Trip of a lifetime: Fulfilling Willie’s dream | News | The Press and Standard
by The Press and Standard | March 9, 2018 5:00 am
Last Updated: March 7, 2018 at 9:15 am
Willie Childs landed at Lowcountry Regional Airport March 3 after about 20 minutes in the air, but, based on his description of the flight, it was going be much longer before Childs comes back to earth.
Childs, a resident of the PruittHealth Bamberg nursing home, explained he has wanted a ride in an airplane since he was 10 years old — his first trip into the clouds came 57 years later.
“I was smiling when I took off, just like I am now,” Childs said after Skydive Walterboro owner Billy Carter landed and Childs was helped from the front seat of the airplane by several of the Bamberg nursing home staff who had accompanied Childs on the trip to Walterboro.
The afternoon flight was made on a windy day, winds that at times made for a bumpy ride. “I thought one time my little **** was going to fall out,” Childs said. His concern melted away as Carter explained the ups and downs of cutting through the wind in a small plane.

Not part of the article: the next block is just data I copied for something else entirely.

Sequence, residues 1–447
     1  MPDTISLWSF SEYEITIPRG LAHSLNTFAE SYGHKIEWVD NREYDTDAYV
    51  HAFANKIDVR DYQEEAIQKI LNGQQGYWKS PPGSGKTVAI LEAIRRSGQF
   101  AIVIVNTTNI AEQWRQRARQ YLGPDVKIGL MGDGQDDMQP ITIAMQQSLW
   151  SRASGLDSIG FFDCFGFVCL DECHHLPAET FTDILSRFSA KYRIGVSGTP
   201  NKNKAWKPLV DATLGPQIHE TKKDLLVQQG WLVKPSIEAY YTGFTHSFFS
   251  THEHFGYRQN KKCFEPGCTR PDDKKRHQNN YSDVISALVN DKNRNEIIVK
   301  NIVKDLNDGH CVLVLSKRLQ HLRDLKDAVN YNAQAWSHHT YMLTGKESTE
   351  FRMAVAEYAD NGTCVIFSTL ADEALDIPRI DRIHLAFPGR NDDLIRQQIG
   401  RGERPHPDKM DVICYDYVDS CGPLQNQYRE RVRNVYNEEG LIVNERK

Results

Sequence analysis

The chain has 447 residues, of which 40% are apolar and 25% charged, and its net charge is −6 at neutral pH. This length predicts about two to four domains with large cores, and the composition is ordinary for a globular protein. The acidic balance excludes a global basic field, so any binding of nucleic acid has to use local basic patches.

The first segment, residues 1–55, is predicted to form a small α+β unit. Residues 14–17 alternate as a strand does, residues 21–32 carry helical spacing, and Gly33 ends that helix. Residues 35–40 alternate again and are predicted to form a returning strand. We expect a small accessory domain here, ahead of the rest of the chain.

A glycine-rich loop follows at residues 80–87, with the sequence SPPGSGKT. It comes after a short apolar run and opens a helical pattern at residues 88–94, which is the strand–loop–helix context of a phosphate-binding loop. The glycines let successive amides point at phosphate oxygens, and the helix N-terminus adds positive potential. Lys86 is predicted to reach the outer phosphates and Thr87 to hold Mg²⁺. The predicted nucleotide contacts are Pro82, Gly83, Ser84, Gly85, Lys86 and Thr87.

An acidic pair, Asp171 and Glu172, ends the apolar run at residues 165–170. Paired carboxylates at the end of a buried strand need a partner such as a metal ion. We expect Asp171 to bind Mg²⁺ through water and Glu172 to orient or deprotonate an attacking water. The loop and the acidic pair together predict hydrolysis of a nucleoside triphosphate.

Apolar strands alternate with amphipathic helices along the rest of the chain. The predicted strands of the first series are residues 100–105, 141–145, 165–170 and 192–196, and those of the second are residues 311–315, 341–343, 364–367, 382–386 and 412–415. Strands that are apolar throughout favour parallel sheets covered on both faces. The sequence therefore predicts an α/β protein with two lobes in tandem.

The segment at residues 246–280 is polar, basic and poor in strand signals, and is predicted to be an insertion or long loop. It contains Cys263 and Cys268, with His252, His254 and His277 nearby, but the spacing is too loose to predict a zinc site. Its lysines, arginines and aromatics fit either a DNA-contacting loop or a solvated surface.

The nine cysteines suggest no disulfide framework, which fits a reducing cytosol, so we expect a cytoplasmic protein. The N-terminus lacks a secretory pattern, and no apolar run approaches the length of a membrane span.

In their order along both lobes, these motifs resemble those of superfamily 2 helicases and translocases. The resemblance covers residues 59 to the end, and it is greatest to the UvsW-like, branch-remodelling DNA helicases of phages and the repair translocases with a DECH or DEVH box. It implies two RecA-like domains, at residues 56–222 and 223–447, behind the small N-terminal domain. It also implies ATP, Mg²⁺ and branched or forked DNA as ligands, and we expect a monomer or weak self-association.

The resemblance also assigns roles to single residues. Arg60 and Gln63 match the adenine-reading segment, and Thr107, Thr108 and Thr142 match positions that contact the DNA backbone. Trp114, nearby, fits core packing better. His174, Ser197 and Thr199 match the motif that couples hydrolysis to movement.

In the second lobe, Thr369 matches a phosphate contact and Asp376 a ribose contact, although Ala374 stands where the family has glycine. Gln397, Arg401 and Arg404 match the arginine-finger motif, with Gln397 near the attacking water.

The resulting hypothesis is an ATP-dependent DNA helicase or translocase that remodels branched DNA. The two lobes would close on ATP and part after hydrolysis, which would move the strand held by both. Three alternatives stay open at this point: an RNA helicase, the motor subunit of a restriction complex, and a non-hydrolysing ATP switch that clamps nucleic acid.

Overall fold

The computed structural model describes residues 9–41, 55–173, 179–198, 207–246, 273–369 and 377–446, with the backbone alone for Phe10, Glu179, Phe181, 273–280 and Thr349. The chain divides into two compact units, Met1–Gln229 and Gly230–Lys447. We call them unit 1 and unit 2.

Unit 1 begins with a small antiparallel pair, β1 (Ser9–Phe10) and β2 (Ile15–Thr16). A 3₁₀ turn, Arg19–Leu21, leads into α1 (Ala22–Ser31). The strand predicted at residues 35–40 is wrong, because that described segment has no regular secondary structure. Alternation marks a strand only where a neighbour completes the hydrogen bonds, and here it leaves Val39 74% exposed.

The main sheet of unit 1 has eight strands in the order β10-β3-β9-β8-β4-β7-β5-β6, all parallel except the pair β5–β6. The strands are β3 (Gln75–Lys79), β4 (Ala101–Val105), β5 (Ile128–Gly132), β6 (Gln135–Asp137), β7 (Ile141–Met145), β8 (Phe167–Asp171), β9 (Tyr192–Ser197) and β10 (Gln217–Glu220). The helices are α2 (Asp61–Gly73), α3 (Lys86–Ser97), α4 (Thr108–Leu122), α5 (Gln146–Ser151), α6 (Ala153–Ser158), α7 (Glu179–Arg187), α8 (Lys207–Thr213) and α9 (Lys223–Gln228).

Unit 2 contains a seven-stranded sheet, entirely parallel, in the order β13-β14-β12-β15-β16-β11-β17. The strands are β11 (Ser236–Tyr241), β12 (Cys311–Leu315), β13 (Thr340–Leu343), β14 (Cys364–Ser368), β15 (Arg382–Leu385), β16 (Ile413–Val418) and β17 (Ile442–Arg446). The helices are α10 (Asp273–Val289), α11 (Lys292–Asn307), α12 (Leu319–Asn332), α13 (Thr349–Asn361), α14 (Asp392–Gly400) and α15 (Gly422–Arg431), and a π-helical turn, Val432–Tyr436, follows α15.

Childs arrived for his flight in a shirt and tie. Brenda Jennings, Childs’ social worker at the Bamberg facility, said he didn’t get much sleep and hadn’t eaten much as the hours before the flight melted away.
“Now I know what it is like,” Childs said from his geri-chair after the flight. “Now I have something I can talk about. When I get back home, there will be a whole lot I will want to talk about.
“This would not have happened without the staff,” Childs said. “They go way out of their way — they went out of their way to make this day possible.”
The staff of the nursing home made it their goal to ensure Childs’ dream was realized.
PruittHealth operates a charity group, Committed to Caring (C2C), with branches at each home and pharmacy.
Sarah RexRoad, chairperson for the CEC branch at the company’s pharmacy in Lexington, said because the pharmacy does not have patients, its chapter partnered with the Bamberg facility to fulfill Childs’ dream.
“I met this patient a couple of weeks ago and learned how talkative, funny and friendly he is, and how much his care team loves working with him,” RexRoad said.
“He is always in good spirits, despite severe physical disability that keeps him confined to a geri chair,” she said.
“To make matters worse, the patient was hospitalized for a few days last week and we were afraid he would not be able to tolerate a plane ride.”
Melissa Charlebois, a nurse at the Bamberg nursing home, along with RexRoad, made the flight from the second row of seats. Charlesbois was on board to monitor Childs and RexRoad to video his flight.
Jennings said the staff was determined to make it happen since Carter volunteered to pilot Childs’ first ride.
“Willie is an inspiration to me every day. He is to everybody. He always wears a smile, never complains. He is one of a kind,” Jennings said.